Canada and the rest of the world are struggling to deal with a United States which is turning its back on the rest of the world. This follows an uninterrupted seven decades of political, ethical and financial leadership from a mostly benign US. The changes will at best lead to years of instability and at worst could lead to a political “High Noon” - overt conflict as other nations rush to fill the political vacuum left by the US. This is the end of an era and the question now is what will replace the old international system? And will it be better or worse? Some days the world seems awash in social injustice.
And yet, if we look at today’s events within the context of long-term history, we recognize that the tide of injustice has ebbed and flowed throughout history. It is important to remember that since the dawn of the post World War II world in 1946 Canada and Canadians have demonstrated leadership within the UN and other international bodies. From former PM Pearson to former Supreme Court Justice Louise Frechette, Canadians have used their professional skills for the greater good of the world through the UN or other international bodies.
But where is the next generation of Canadian leaders of the UN? Teachers are well placed to encourage the next generations of Canadians to demonstrate leadership within Canada and the international community. Most importantly, we need to remind students that the bedrock of a functioning international system is a respect for human rights. Respect for human rights is the responsibility of each individual whether he or she demonstrates that respect at their community-level or internationally. There is no room for complacency.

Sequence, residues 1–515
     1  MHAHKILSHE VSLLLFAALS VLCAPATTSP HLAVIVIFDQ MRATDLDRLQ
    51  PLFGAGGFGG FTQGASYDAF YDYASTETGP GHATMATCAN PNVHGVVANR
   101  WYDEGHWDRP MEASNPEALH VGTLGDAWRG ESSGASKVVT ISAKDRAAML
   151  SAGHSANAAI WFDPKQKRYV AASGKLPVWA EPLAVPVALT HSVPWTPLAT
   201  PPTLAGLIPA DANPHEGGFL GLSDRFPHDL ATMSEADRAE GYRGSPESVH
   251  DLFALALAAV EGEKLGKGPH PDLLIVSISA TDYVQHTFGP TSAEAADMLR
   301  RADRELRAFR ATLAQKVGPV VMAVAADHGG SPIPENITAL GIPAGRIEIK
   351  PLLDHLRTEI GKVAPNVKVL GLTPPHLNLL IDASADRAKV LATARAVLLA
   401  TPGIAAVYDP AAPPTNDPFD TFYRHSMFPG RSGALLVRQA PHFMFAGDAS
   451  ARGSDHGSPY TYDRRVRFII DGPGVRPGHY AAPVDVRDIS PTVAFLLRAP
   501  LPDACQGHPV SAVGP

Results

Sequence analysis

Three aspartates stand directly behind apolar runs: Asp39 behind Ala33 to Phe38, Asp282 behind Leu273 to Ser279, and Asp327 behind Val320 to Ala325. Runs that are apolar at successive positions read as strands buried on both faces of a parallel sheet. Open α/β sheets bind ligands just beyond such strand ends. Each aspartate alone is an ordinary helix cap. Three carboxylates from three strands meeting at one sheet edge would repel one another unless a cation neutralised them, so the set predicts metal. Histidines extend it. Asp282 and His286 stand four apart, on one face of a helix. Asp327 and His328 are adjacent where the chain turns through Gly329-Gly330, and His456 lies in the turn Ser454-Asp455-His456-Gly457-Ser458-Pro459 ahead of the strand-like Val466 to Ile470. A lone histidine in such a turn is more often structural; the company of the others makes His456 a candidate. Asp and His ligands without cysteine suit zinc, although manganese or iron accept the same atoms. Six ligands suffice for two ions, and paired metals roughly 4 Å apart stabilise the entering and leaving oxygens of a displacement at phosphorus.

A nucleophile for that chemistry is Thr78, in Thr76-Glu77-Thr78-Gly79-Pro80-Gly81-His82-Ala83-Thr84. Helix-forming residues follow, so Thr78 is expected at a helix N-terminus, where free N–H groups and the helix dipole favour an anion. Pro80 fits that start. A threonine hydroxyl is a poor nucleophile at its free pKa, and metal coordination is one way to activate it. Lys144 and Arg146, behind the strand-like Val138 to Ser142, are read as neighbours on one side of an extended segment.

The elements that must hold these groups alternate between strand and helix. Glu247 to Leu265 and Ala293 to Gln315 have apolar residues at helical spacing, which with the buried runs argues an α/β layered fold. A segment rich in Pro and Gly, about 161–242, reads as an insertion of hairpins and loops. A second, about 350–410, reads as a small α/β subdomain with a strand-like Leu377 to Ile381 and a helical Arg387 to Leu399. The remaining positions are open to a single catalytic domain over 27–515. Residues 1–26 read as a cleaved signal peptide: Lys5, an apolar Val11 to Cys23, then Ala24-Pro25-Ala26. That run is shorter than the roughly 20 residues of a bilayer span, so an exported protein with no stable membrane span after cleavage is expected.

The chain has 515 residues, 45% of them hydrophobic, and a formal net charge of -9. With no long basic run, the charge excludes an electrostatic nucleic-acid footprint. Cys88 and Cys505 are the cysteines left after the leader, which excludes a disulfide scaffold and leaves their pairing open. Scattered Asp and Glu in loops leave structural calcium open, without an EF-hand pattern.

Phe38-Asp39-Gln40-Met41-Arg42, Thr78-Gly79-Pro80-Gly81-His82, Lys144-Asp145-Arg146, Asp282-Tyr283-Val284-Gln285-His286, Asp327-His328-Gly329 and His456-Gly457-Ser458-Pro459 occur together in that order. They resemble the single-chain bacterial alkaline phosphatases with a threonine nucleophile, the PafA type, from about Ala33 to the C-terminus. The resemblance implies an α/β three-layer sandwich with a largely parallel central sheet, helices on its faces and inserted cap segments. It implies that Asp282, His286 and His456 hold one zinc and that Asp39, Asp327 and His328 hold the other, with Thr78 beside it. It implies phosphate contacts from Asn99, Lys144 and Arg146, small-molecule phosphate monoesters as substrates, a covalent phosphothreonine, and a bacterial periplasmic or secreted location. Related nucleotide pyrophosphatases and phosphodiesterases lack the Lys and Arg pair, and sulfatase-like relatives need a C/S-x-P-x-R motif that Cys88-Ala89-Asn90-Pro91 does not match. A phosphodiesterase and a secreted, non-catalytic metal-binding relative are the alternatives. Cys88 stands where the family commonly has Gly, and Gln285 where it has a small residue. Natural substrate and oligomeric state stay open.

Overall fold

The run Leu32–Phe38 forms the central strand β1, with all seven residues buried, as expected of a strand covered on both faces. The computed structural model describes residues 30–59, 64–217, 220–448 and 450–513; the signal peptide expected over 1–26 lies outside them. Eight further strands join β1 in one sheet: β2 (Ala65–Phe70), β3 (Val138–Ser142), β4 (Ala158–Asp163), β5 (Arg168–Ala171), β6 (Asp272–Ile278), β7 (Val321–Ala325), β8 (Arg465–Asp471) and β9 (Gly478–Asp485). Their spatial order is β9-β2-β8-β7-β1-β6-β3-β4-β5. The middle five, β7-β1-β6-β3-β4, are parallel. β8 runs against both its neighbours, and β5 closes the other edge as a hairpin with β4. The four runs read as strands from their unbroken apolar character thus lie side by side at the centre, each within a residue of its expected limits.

As long as individual Canadians are prepared to participate in civic action and not allow themselves to be overwhelmed by current events, there is reason for cautious optimism that the world will not reach the “High Noon” of history.
This presentation does not pretend to have all the answers to some very complex questions, but it is offered as the first step in what could become ongoing discussion about positive leadership from the international down to the local and individual level.
A resource package for secondary social studies teachers will be provided.
Social Studies 10/Explorations 11
George Somerwill is a Canadian former CBC journalist, NGO humanitarian worker and United Nations staff member who worked for the United Nations Department of Peacekeeping Operations (DPKO) in a number of peacekeeping and other UN operation al areas from 1996-2011. His UN work has taken him to Angola, Iraq, Pakistan, Ethiopia and Eritrea, Sudan and Liberia. He retired from the UN in 2011. Most recently, he joined experienced former UN civilian and military staff members to train officers at the Bangladesh Institute of Peace Support Operation Training (BIPSOT) near of Dhaka, and he participated in the training of senior UN staff in Tokyo, Japan.
George has an MA in Post-Conflict Reconstruction and Development from the University of York (UK). He serves as a co-President on the local board of the UN Association in Canada.
Deirdre Moore is a veteran educator and volunteer committed to promoting global awareness. She is the lead for Global Learning Programs in Burnaby School District, a secondary school social studies teacher, and currently the Co-President for the Vancouver Branch of the UN Association.